Tuesday, October 9, 2007

Nakafurano’s Lavender Farm

SEPTEMBER 13, 2007 - Part 2
The main purpose of visiting Furano was to visit the lavender farms here.
Lavender has been cultivated in Hokkaido for more than half a century. When the arrival of lower priced, imported lavender led to a decrease in demand for Hokkaido's lavender in the 1960s and 70s, the local lavender's main function shifted from agricultural product to tourist attraction.
Nowadays, Furano's lavender fields attract large numbers of visitors to the region every July and August, when the plants are in full bloom.
There are fields of various sizes all across the Furano and Biei region.
If you think those photo above are spectacular, wait until you see what's ahead. Those shots above are actually taken at Nakafurano’s Lavender Park. It was one of the place to enjoy the spectacular view of blooming lavenders during the summer.
However, when we were in Nakafurano, it was already almost mid-September and most of the lavenders have dried off. However, as we had made all the effort of getting there, we were determined to at least have a look at how the farm looks like, even though there is a possibility that we could find no lavenders at all already by that time.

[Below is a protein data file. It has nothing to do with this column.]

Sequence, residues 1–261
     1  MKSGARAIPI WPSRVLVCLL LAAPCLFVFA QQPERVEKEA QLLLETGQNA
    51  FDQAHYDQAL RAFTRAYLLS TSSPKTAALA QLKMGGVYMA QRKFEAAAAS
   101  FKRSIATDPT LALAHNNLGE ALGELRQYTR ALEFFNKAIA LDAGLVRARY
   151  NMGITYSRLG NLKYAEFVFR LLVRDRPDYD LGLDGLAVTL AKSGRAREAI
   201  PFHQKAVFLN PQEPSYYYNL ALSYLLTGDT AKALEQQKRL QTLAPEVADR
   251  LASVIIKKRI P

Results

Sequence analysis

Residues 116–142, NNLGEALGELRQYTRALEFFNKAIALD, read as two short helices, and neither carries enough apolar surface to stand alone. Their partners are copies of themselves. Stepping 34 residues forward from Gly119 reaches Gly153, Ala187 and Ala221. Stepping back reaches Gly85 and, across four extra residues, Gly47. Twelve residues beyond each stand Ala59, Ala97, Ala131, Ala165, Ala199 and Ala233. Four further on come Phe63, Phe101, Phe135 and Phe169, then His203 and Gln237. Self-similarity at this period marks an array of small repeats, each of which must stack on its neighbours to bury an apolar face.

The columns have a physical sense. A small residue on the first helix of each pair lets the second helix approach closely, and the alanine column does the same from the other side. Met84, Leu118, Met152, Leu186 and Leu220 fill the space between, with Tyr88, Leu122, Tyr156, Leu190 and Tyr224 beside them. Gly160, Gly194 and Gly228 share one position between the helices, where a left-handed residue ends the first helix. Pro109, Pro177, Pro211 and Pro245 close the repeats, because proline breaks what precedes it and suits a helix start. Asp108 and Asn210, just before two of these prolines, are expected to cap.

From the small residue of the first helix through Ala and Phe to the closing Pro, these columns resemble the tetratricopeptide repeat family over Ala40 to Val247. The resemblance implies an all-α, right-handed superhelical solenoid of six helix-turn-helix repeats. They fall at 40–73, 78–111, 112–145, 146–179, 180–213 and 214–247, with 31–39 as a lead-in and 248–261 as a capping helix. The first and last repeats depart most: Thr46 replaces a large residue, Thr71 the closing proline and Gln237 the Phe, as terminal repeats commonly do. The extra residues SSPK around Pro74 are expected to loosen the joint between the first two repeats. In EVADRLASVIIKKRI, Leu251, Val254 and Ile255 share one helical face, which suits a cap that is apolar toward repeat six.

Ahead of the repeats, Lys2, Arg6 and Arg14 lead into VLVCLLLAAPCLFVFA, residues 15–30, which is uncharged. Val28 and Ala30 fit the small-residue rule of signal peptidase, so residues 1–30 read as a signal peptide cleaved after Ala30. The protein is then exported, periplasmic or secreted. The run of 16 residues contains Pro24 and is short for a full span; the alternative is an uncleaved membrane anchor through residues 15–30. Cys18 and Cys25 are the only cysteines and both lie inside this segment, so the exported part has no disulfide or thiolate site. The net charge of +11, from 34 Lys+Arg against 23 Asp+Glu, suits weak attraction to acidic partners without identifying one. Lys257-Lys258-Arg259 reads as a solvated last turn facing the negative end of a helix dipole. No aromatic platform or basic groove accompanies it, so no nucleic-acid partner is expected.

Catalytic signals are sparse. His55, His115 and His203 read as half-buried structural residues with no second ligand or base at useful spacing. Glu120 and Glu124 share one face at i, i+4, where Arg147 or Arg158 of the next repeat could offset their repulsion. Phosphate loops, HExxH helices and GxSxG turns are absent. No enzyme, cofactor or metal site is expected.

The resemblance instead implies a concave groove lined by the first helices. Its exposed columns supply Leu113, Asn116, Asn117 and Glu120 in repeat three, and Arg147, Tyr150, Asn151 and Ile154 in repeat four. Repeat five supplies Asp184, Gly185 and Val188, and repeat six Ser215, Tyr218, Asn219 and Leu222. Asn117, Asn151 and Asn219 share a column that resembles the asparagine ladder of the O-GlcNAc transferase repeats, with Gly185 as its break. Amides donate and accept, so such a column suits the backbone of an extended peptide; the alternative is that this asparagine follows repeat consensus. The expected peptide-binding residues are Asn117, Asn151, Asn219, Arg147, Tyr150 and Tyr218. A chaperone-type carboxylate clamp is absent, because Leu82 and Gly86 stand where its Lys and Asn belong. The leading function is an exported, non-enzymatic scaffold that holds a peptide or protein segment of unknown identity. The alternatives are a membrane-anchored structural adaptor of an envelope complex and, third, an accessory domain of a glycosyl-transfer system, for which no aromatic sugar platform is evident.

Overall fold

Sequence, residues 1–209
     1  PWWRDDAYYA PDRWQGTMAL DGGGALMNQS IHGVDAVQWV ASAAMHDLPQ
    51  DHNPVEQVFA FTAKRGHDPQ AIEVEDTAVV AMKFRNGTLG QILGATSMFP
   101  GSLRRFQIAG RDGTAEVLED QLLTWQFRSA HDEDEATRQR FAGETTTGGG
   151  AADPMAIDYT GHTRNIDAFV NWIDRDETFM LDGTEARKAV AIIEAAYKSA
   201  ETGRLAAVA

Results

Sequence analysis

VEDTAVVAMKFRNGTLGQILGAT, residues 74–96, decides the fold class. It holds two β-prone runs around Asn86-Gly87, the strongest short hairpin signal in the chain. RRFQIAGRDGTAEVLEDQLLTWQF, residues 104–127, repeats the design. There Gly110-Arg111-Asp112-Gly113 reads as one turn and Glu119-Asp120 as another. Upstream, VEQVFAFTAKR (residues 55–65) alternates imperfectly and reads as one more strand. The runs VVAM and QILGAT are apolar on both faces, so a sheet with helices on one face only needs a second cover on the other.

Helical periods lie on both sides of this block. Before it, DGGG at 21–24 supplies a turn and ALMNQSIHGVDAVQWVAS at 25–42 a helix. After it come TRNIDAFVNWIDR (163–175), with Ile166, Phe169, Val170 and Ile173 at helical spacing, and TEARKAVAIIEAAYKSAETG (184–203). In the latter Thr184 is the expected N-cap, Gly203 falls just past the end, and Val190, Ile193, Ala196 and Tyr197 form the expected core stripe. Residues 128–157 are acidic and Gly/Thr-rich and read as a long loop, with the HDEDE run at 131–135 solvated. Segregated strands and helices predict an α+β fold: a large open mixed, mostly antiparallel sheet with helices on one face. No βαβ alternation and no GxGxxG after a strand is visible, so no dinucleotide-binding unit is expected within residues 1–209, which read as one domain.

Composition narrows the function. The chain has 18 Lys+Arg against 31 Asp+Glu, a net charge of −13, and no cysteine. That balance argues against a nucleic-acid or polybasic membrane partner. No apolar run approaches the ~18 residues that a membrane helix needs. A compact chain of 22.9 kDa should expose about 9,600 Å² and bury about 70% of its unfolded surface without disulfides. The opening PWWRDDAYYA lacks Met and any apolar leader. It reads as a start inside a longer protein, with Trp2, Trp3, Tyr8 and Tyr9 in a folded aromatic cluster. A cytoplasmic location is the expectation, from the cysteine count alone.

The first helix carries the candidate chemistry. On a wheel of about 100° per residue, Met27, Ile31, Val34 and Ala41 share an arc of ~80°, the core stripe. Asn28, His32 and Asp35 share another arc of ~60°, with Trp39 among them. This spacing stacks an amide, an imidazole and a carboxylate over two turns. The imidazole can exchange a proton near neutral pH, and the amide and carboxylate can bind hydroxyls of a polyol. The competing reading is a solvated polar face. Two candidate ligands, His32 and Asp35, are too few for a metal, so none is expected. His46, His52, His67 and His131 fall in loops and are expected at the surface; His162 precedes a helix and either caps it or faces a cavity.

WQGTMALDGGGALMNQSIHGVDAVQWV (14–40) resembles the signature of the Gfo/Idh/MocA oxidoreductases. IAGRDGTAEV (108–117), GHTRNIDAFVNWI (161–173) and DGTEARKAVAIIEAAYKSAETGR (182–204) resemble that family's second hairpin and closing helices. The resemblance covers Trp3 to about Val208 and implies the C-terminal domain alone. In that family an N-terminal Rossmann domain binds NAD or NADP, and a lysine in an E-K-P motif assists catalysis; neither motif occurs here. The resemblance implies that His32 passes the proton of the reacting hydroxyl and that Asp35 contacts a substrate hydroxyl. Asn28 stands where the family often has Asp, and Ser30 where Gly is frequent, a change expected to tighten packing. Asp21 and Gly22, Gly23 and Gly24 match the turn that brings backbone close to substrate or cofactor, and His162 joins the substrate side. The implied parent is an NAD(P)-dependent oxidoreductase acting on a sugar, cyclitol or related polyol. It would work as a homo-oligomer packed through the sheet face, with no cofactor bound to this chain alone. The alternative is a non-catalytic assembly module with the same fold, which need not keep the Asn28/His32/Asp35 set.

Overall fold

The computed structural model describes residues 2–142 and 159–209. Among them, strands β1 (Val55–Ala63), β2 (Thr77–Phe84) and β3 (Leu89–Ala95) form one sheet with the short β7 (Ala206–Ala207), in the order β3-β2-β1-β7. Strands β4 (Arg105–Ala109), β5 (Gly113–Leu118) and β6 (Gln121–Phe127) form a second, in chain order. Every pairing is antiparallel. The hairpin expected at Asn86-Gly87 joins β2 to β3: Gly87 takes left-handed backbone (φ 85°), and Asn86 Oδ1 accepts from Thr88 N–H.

One of the best spots to view the lavender is Farm Tomita, whose lavender and flower fields with the Daisetsuzan and Tokachi mountain ranges as backdrop are spectacular. It was about 30-minutes walk from Nakafurano station. Farm Tomita also features a dried flower exhibition, perfume and distillery workshops, a green house and several gift shops selling lavender goods ranging from lavender soft cream to dried flower bouquets, oils, perfumes and soaps.
As expected, there wasn't much lavender left in the farm.
To be honest, I was thinking of photoshoping the photo above, by replacing those green leaves with purple lavender blooms. However, I guess there wasn't a need for me to do that after I got to another section of Farm Tomita.
Yes, those are lavenders. Not just the normal purple lavenders. Only after getting to this farm, I realized that lavenders come in white as well.
Reena said this looks like a French flag, which I couldn't disagree anymore.
I can't recall any place in Malaysia which has such a breathtaking view. It wasn't a surprise when I heard the Japanese visiting the farm went "Wahh, sugoi!!" or "Sugei!!". I understand. The Japanese don't have any other word else to describe something nice. Same thing applies when they are watching fireworks. My conclusion - they lack adjectives in their language.
Beautiful, magnificent, breathtaking, amazing, awesome, or whatever word you use to describe the place, they were just colourful.
If you are wondering how lavenders look like from up-close, here is a macro shot of the purple lavender.
There is also a species of lavender, with a mixture of purple and white.
I was told that during the peak season of lavender, the whole farm will be full with the nice soft smell of lavender. No visit to a lavender farm will be complete without trying the lavender soft in the farm. It was one of the best ice cream I had ever tasted so far.
Yes, Michelle, I know. That was my third soft in a single day. Just once in a while only, okay? Hehe =P